By Martin McTague, National Vice Chair, Policy & Advocacy, FSB
With the rollout of vaccines, there’s hope that the end of the pandemic may finally
be in sight. But small firms still need support to help them reach that point.
I find it hard to think of a good analogy for the turmoil of the past year and the disruption and hardship brought by the pandemic – to individuals, families, everyday life, small businesses and the economy.
But if we think of it on the business side as a marathon – albeit one we’ve had to do without training and planning –we’re hopefully, with the rollout of the vaccines,entering the final couple of miles. While that is in many ways reason for optimism, I worry that, without significant new support, those last couple of miles could be the most gruelling of all.
This isn’t looking like a clear run. While we are all cheering each other on, all sorts of obstacles are being thrown in our way, which makes it harder to reach the finish line. VAT bills, the start of paying back emergency loans, the end of existing Covid-19 business support schemes and countless other cliff-edge cost pressures are biting – just when many small business owners and the self-employed are flat out trying to make it through to the end of this immediate crisis and the beginning of the recovery.
At government level, much has been done to get a lot of small firms through so far. Billions have been spent, and schemes that would normally have taken years to establish were set up in weeks. Not everyone has been helped, and forgotten groups such as the newly self-employed and directors of limited companies have been left high and dry. Addressing this must be a priority for the UK Government.
After all the investment in existing support schemes, it seems illogical to deny a final burst of support for what we hope is the last stretch, having gone so far to keep so many in the running.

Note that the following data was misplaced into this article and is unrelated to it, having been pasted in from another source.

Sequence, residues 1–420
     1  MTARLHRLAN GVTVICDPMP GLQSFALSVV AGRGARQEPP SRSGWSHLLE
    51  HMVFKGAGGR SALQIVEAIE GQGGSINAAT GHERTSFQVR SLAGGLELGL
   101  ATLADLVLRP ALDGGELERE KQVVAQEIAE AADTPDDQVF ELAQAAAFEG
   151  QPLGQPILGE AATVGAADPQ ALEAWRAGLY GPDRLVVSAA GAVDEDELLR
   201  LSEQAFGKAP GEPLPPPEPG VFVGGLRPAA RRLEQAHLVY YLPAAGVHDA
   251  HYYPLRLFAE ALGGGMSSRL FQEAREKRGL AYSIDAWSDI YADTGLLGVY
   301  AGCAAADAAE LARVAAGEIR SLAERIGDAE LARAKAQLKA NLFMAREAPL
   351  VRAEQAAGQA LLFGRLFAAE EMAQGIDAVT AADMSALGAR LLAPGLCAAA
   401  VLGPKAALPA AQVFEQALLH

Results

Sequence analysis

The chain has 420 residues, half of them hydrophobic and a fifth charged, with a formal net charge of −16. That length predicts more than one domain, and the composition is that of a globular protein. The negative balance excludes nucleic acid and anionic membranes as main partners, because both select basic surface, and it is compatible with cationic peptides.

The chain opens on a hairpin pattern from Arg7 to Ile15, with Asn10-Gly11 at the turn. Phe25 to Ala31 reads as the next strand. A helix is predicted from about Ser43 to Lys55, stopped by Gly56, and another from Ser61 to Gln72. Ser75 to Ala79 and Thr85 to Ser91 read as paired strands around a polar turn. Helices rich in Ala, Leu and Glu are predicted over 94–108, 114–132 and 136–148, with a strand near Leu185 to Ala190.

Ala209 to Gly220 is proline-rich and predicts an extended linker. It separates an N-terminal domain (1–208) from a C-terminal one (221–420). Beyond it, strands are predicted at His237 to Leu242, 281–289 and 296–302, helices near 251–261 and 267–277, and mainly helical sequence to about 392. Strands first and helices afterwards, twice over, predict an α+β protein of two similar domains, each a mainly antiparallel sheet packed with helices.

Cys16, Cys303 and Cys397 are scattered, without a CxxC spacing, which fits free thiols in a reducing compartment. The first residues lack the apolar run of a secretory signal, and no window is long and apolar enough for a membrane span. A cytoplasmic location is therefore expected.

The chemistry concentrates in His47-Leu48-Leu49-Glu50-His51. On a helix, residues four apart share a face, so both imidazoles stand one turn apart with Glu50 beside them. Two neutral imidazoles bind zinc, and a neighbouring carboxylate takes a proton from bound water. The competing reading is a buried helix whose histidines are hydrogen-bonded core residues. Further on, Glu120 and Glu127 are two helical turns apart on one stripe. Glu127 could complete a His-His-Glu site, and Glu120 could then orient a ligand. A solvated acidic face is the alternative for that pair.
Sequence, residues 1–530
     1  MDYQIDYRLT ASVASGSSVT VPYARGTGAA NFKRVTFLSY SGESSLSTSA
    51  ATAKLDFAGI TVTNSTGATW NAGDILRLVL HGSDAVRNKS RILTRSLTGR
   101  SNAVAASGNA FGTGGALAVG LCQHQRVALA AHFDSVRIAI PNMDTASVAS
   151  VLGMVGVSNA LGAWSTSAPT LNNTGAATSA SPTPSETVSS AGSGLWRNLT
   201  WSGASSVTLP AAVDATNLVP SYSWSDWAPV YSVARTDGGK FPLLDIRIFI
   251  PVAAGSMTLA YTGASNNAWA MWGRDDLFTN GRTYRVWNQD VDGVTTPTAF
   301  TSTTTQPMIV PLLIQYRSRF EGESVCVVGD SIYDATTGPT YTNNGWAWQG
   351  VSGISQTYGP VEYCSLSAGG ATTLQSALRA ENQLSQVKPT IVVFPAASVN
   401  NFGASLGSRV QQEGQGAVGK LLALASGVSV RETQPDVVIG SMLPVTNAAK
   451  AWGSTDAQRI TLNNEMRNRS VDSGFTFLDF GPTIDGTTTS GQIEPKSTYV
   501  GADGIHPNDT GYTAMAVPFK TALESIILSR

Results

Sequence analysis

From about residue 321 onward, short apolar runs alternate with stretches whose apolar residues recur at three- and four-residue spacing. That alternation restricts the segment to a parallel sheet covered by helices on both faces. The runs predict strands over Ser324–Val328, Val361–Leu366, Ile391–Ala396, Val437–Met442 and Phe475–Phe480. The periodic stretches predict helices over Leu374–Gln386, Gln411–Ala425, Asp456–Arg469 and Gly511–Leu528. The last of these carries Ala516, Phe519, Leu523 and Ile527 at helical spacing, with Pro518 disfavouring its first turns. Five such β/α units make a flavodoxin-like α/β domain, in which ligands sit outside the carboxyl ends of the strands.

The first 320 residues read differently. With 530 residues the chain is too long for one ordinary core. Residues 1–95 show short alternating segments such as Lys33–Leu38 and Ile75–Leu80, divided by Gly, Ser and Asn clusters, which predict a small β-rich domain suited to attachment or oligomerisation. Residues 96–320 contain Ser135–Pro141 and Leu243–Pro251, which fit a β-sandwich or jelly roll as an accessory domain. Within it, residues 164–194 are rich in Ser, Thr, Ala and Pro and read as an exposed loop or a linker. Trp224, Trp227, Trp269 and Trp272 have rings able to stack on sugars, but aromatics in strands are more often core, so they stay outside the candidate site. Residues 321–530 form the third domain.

The lessons of the financial crash of more than a decade ago are clear – the recovery was driven by small businesses and the self-employed. With the right support, that can happen again.
With unemployment rising, job creation will be key. Smaller employers can be part of that if a) their businesses survive, and b) there’s an easing of tax disincentives to employment. A reduction in employer National Insurance contributions would make it more affordable to retain and recruit staff.
Many have had to take out emergency loans, and repayments are becoming due. Action to help small businesses deal with this debt will be needed, including the possibility of an income contingent repayment system – pay as you grow, not pay-back by having to cut back.
Tourism and hospitality have been hit hard, and VAT reduction should be extended in these sectors. Their supply chains – and those of nonessential retail – should be covered by a final furlong of support through grants and rates relief. None of this is about begging – it’s about getting otherwise thriving businesses through enforced restrictions.
In a marathon, it’s only humane to give an exhausted runner a bottle of water. It’s also much preferable to the runner dropping out of the race due to dehydration. Small businesses can reach the finish line of this crisis – help us to get there and we’ll continue to be economic and community champions on the other side.